Archive for August, 2010

Chiang Mai Mail gives us coverage

Wednesday, August 18th, 2010

We met with the Editor at Chiang Mai a couple of weeks ago, see the article here: (second story).

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First week at Tomato Village School

Thursday, August 12th, 2010

(Written Monday 9th evening)

So we’ve just completed our first week at the Tomato Village School, time flies, can’t believe it’s been a week already! When we first arrived, albeit after a long journey, we both felt a bit jet lagged and as if we had landed in a new country. It is much cooler up here and you need to wear an extra layer in the evening. The village is situated in the mountainous area, north west of Mae Hong Son, about 2000+ meters up. The windy road up here climbs swiftly and is pretty steep – be great fun to cycle down, not so sure about the journey back up!



We are living with Benjamin and his family, and the two school classrooms are built on his land, along with the volunteers accommodation. We are on a hillside, so the bigger classroom is at the top, our hut in the middle, along side Ben’s house and then the smaller classroom is at the bottom. There is a path that runs up, but it is quite muddy and slippery. I managed to slip quite badly a few days ago, despite stepping carefully like a granny.

Benjamin runs the school with is son in law Ten, who is the assistant teacher. Benjamin is originally from Burma but left the country many years ago when ‘things got too bad’.

He has many stories to tell us about Burma and we are close to the largest refugee camp where more than 25,000 Burmese refugees live (there are 5 large camps a long the border with Thailand).

We will hopefully be able to share some of these stories with you and maybe even arrange a visit to the camp, although we need to speak with the UN first.

Our accommodation is comfortable, we have our own room/building with a bed and mattress, bedding and a mosquito net. There is electricity and we have a power socket in our room. There is also a good mobile phone (and therefore internet) signal, apart from when it is raining! There is a toilet across the path and we can use the shower in the family bathroom or have a bucket wash…big trough of water with scoop, you pour water over yourselves and wash. The water is pretty cold! We have blankets on our bed as it’s cold at night. Despite the cool temperature there are still plenty of mosquitoes up here, as well as moths, spiders, little beetles, cockroaches and various other visitors. We are both enjoying the cooler climate though – it’s a nice change after many many months of heat.

Our roomBenjamin is also providing all of our meals, cooking for us at lunch and dinner time. The food has been great and it’s interesting to see what people eat on an every day basis, even is if ours is a less spicy version! Rice features heavily of course, but we have had curry, sweet and sour stir-fry with pork and fresh pineapple, spicy pork meatballs, soups, fish, sweet honey sausage, bananas, jackfruit, pineapple, sticky rice, cakes biscuits, plus copious amount of sweet black tea and fresh coffee! So we are being looked after very well and Benjamin is a great host who takes a lot of care to make sure we are happy.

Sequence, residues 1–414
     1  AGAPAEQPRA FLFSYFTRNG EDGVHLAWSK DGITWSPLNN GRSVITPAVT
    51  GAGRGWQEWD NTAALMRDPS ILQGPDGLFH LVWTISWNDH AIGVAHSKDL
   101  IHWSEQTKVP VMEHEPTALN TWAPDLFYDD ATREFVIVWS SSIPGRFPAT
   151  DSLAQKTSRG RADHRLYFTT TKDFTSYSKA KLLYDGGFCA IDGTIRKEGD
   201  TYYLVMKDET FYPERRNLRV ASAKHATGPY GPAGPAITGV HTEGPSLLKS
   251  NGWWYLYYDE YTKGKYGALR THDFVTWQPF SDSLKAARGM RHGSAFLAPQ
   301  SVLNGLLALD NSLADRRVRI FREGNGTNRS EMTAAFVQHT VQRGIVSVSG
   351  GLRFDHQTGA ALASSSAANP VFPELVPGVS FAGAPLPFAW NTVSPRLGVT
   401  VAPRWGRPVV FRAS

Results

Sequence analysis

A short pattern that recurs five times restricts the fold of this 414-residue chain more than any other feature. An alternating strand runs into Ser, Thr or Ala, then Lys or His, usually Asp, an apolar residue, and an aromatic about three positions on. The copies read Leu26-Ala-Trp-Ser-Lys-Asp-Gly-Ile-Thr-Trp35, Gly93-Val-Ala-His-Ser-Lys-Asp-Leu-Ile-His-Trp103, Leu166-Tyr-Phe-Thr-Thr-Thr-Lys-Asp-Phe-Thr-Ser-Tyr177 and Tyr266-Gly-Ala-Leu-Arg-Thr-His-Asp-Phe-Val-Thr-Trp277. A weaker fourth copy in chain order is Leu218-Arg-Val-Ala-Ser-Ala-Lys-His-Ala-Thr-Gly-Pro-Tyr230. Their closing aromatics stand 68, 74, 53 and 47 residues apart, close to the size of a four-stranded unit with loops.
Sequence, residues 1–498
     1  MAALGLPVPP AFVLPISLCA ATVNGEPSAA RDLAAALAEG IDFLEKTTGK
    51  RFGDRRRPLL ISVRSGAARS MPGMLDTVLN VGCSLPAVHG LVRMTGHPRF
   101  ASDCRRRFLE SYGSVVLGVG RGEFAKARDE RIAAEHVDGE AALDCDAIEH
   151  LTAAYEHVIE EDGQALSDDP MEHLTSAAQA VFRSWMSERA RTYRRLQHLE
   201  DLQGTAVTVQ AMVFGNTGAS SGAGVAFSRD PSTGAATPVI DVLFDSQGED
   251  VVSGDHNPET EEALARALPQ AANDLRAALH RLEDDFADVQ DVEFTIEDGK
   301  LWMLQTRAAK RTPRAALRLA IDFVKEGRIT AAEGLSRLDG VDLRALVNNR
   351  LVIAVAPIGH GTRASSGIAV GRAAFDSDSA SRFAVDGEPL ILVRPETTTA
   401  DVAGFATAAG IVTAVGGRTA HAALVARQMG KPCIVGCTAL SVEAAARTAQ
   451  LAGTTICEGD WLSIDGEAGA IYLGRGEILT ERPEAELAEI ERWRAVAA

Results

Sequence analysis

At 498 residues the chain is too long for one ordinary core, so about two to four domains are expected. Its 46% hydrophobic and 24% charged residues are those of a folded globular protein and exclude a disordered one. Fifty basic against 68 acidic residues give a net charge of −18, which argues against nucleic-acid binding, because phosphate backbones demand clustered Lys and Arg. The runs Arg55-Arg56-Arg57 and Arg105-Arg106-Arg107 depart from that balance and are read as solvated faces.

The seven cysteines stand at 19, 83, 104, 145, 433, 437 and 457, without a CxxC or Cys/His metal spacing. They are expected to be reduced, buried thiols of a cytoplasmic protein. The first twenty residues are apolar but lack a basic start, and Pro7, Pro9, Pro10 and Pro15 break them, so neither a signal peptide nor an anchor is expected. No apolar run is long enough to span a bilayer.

Chris and Ben ‘drive the train’ together (smoking cigars from Burma) over coffee and interesting chats.

The English lesson take place in the evening 6-8pm. The children go to school during the day and then come up to Ben’s place in the evening. Many arrive early, well before 6pm to play and eat snacks, greeting us with ‘Good evening teacher!’.

Class B

The youngest children are about 6 years old and the eldest 15 years old. There are 60 students, split into 3 classes, A, B and C. Early on Chris opted to teach Class A – advanced, which suited me fine as I prefer working with younger kids, so I take B class (mon, wed, fri) and C class (tues and thurs). After a couple of evening teaching with Benjamin and Ten, we began to teach on our own. Ben could se early on that Chris is a natural teacher, with plenty of patience, oodles of enthusiasm and good crowd control.

I chose to draw on my creative skills, making flash cards and wall charts, bringing out my colouring pencils and coloured chalk to brighten things up  a little. Ten was pleased with my first lesson and said that i seemed to know what i wad doing, had a good plan and it was if i had come form teacher training college! Delighted with such positive feedback I was happy to teach alone.